Brexit day is here

“We Will Always Love You and We Will Never Be Far”: Brexit Day Arrives in a Divided Nation

Friday 31st January 2020 at 11.00pm, Britain will officially leave the European Union and begin the dissolution of its membership within the EU.

It’s a battle that has been going on for over three years, seeing three different Conservative Prime Ministers and a cultural divide that has highlighted deep divisions in British society.

One topic has been at the gruesome heart of Brexit: immigration.

Immigration, according to some factions in the Leave campaign is “out of control”. Brexiteers perceive families and valuable workers migrating to the UK as unwanted and coming in at unprecedented numbers. Remainers have generally opposed this idea, showcasing the victories the UK has been able to win because of immigration from the rebuilding of the country thanks to the Windrush generation aiding the NHS to our migrant doctors, nurses, health workers and administrative support workers.

Brexit day is here
A gloomy cloud looms over Remainers today as the UK formally leaves the European Union. [Image: EPA/Andy Rain, Al Dia News]

Data shows us time and time again that the referendum tensions and the eventual result of leave bolstered xenophobes and racists across the country. EU citizens in the UK reported an increase in discrimination during the referendum, double the figures from 2010-2012.

Until the Government truly listen to the 16 million voices of those who voted remain, and even those who abstained or came to disagree with leaving the EU despite voting Leave, how can there be real unity?

Mariña Fernández-Reino, a researcher at the Migration Observatory at the University of Oxford, said of the findings: “political rhetoric and media debate can shape people’s attitudes towards a certain group or topic.”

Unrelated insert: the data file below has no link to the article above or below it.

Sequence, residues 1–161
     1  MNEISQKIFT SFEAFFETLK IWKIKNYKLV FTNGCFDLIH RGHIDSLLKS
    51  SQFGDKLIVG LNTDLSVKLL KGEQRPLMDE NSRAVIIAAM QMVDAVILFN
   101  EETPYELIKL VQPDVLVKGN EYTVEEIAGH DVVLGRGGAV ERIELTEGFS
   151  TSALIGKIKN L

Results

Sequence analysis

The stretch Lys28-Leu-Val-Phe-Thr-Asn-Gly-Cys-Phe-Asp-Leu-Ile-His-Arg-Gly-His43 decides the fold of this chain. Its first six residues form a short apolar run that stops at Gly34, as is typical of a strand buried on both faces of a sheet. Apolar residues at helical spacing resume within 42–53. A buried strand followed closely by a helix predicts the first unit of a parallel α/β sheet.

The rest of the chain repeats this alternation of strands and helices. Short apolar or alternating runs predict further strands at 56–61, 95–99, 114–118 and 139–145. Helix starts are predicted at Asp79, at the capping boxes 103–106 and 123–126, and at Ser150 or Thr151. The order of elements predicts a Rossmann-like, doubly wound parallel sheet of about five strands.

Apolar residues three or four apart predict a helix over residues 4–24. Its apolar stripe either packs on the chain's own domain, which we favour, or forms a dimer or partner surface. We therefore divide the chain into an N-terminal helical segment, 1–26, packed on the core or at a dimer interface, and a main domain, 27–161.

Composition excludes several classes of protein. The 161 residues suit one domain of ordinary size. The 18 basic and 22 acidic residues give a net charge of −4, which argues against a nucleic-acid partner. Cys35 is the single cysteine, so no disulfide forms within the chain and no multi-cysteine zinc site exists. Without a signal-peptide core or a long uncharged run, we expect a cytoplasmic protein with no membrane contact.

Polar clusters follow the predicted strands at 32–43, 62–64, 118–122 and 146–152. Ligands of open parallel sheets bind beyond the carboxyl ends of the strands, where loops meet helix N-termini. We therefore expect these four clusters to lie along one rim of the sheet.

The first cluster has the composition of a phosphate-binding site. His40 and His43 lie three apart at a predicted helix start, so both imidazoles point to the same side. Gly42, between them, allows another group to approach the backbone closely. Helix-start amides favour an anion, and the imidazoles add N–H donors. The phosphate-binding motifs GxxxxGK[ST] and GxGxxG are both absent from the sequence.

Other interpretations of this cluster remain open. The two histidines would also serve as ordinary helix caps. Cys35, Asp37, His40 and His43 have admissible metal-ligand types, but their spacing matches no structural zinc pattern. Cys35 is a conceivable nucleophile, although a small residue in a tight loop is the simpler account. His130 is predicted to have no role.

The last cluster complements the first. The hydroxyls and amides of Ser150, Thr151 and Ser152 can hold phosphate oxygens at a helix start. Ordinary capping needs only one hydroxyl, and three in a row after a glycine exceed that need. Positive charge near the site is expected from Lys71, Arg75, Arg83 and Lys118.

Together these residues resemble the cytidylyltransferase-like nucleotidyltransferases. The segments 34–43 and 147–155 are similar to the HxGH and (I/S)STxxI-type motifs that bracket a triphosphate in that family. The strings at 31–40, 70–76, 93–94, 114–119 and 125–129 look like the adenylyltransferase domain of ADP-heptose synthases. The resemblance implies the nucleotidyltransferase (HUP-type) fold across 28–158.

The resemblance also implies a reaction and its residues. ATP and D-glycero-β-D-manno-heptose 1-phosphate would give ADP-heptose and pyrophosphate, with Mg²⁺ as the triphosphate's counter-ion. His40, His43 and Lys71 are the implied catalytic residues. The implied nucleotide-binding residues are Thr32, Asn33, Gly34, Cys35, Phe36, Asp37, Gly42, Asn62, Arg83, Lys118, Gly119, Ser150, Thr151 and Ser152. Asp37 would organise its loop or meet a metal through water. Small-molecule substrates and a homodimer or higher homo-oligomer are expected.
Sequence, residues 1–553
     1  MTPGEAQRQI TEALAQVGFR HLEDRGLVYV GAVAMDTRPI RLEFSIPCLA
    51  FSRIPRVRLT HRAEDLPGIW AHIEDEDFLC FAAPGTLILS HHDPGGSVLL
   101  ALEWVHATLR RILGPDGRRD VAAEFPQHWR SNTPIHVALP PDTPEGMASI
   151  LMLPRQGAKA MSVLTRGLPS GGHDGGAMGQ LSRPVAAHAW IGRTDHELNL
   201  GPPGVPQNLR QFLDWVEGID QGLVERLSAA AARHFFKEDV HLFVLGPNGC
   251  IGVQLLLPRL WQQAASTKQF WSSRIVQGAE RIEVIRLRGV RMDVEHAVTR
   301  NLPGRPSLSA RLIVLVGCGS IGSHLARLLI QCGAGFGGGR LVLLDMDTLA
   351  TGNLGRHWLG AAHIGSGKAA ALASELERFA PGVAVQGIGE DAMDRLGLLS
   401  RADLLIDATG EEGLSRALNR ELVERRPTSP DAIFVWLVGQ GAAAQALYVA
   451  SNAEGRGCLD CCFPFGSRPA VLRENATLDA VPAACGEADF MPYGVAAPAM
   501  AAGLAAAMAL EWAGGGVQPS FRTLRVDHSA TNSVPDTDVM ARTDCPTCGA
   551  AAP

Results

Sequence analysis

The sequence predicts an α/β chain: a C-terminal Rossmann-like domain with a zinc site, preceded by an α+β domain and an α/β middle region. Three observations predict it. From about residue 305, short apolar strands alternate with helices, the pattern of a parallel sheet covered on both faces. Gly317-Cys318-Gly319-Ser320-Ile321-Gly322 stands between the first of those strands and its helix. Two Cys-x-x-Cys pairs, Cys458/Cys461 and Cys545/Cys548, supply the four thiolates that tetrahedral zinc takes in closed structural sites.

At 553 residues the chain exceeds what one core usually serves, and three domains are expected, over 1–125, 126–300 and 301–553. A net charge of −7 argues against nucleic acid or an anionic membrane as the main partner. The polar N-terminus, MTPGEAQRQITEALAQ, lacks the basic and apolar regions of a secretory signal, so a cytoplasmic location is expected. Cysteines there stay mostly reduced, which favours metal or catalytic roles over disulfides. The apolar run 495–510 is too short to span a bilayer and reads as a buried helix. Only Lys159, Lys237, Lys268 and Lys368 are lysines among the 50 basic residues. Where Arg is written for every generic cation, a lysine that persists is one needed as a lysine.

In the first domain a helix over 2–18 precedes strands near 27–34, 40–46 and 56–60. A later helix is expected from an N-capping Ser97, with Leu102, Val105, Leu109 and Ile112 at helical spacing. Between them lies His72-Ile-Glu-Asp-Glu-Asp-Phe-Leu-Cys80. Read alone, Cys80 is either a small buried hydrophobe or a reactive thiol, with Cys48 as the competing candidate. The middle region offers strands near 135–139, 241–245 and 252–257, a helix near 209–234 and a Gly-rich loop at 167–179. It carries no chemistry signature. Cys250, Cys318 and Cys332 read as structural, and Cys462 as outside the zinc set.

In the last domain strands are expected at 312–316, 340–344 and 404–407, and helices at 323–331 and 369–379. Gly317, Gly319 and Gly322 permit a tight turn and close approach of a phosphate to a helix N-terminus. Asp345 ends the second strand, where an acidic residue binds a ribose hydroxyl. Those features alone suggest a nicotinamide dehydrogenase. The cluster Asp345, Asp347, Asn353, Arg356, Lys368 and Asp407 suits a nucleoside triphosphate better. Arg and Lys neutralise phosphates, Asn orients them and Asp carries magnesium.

The upcoming immigration restrictions have been reported as disastrous across sectors, from social care which is expected to lose up to 3% of its workforce when it is already understaffed to hospitality and food processing sectors.

High emotions in European parliament
As Nigel Farage and his fellow Brexiteers waved the British flag in MEPs faces, emotions ran high for others who are sad to see the UK leave. [Image: Reuters].

Free movement will end after the purgatory period on January 1 2021. 

Figures such as Nigel Farage, ex-MEP and eight times failed MP candidate, will be celebrating Britain’s exit. However, all Friday 31 represents right now is a period of waiting.

The Institute for Government, in its report on what comes next for the UK, said: “The practical realities of Brexit will not be felt on 1 February 2020. The transition is largely a standstill agreement, preserving the status quo.”

Boris Johnson has pleaded with Remainers and those critical of Brexit to “come together” without acknowledging valid criticism, nor providing options for those who aren’t sold by this fantasy post-Brexit utopia.

For so many of us, the inward and isolated view Britain wishes to take opposes our diverse realities.

MEPs sing us goodbye
The heart-wrenching moment MEPs linked hands on the last day of the UK’s presence in European Parliament. [Image: The Metro].

Until the Government truly listen to the 16 million voices of those who voted remain, and even those who abstained or came to disagree with leaving the EU despite voting Leave, how can there be real unity? Scotland is furious at the constant neglect it faces from Westminster, young Brits are heartbroken at losing their European freedoms and rights and the Government seems unphased by the reality of the division it has created.

For so many of us, the inward and isolated view Britain wishes to take opposes our diverse realities.

Leave, if represented by the Brexit Party MEPs, is a campaign that looks to the past. Farage and colleagues waved Union Jack flags during their final attendance in European Parliament, watched by European politicians who looked embarrassed for them and slightly bewildered. In contrast, MEPs linked hands and sang the traditional Scottish song of Auld Lang Syne.

Nigel Farage
Nigel Farage told the European Union “we hate you” and accused the EU of “bullying” the UK. [John Thy/AFP/Getty Images, Yahoo].

Guy Verhofstadt, former Belgian Prime Minister and Belgian MEP said: “We’re sad to see a country leaving that twice liberated us, twice has given its blood to liberate Europe.”

EU Commission President Ursula von der Leyen quoted British author George Eliot’s words: “Only in the agony of parting do we look into the depth of love”, adding “we will always love you and we will never be far. Long live Europe.”

As some talk about the almost inevitable rejoining of the EU, there is hope for the future, so long as we continue to fight for it.

Written by
Xan Youles
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